ANTI-FRACKING protestors at Kirby Misperton Protection Camp have set out five pledges following concerns raised by some local residents.

The pledges, part of a "camp mandate", relate to the protestors' objectives for the site and also contain guarantees to landowners and locals that they will be respectful and careful with the land.

The camp was set up before Christmas, and since then, people opposed to Third Energy's plans to frack the nearby gas well have been coming to join the protest.

Although it has been welcomed by some people, others are worried about the safety aspects of the camp.

One villager, who asked not to be named, said she had "grave concerns" about the number of cars parked at the side of the road.

"One of my grandsons travels on the school bus," she said, "and the other one needs to be taken to and from Malton three times a week, both along what is a busy, fast road. There are already reports of several near misses."

She also said she was concerned about the protestors' plans to "slow walk" company lorries when they drive through. "When these lorries are 'slow walked' this will inevitably mean traffic behind will be delayed and drivers understandably frustrated - an accident waiting to happen," she said.

"Having to slow for vehicles either parked dangerously on the road or a jam caused by the protest is not how we want to live our lives. By all means make a protest, but do it safely with consideration for others."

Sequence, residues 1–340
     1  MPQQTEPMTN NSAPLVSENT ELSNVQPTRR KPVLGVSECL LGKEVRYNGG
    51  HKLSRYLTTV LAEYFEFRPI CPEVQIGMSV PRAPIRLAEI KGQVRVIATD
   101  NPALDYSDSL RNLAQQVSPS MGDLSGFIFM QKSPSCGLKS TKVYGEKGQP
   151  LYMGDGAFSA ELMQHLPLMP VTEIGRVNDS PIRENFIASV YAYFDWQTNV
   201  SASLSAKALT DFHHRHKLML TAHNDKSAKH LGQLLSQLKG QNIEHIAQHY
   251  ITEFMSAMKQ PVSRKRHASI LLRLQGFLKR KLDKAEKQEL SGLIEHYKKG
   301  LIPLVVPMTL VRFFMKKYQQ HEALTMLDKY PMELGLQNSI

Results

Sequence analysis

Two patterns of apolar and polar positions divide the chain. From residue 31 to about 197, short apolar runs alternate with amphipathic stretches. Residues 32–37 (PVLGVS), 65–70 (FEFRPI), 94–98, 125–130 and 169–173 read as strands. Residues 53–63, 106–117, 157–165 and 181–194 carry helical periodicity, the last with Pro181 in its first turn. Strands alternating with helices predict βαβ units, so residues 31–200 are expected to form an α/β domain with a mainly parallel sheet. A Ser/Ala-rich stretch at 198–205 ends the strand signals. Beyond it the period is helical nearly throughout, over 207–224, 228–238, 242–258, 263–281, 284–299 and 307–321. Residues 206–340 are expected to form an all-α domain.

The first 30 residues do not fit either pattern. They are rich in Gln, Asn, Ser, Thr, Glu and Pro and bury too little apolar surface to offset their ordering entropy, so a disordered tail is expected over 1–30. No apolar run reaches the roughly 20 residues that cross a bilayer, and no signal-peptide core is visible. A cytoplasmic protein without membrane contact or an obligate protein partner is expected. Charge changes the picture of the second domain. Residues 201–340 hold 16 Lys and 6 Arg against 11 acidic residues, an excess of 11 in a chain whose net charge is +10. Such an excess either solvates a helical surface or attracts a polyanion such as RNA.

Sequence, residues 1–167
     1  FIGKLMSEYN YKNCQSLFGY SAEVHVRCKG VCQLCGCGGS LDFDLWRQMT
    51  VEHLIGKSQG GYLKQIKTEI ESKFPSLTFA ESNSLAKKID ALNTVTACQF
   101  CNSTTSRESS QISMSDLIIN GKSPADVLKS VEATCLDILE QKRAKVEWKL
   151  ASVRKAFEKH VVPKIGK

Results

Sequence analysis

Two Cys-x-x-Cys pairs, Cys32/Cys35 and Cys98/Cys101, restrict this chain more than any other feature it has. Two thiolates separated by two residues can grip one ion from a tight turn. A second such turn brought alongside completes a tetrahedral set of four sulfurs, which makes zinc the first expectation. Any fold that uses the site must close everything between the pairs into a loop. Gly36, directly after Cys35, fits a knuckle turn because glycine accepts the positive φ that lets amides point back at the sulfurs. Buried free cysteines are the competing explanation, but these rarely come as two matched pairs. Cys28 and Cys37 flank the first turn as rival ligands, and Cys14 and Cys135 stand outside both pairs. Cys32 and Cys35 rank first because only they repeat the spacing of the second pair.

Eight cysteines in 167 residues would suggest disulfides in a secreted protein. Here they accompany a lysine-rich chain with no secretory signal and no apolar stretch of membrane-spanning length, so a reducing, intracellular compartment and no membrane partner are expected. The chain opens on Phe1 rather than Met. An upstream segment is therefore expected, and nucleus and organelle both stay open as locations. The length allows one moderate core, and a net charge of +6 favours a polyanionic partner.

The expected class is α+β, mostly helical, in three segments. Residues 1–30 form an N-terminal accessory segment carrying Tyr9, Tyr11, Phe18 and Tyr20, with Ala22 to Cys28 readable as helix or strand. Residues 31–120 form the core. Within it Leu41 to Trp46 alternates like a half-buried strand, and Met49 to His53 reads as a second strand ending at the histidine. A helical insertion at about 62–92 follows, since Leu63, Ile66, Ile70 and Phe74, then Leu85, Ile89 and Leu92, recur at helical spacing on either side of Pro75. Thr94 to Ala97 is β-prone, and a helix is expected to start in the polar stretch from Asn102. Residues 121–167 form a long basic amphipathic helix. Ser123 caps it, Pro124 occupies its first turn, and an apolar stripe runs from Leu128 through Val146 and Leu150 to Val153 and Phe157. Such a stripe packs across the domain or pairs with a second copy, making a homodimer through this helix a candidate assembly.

Eddie Thornton, one of the protestors at the camp, said they are trying to deal with the parking issues.

"We've put out flashing warning signs and no-one parks there at night - it's something we are trying hard to solve," he said.

He added that "slow-walking" the lorries is a form of peaceful protest and that police have agreed to their plans.

"We don't want to have bad relations with the community," he said. "We want to work with them. We are not here to cause damage, we are here to stop fracking."

He said that they plan to deliver leaflets to communicate their plans to locals, and that the camp is "always open" for people to come and speak to them.

Sue Gough, a resident of nearby Little Barugh, said she supported the camp.

She said: "I have never met a more dedicated, friendly, committed bunch of people." She added that the camp is run efficiently, with waste and recycling points.

The camp's five pledges in full are:

1 We are committed to non-violent peaceful protest against the use of high volume high pressure hydraulic fracturing and do not intend to cause any criminal damage in any direct action;

2 We will respect our neighbours and remain open to discussion with all constituents of the local community;

3 Unconventional gas exploitation via hydraulic fracturing (fracking) is the only concern of the protection community. We are a single focus campaign and have no intention or desire to be distracted by any other issue or aspect of activity within in the locality;

4 We will care for the land on which we are living and we will return it to the landowner at the end of our campaign in the same condition in which we found it. We are prepared to put aside a bond in an independent ESCROW account that may be used if the field is not returned in a satisfactory state;

5 We will support local businesses and encourage our visitors to do the same.

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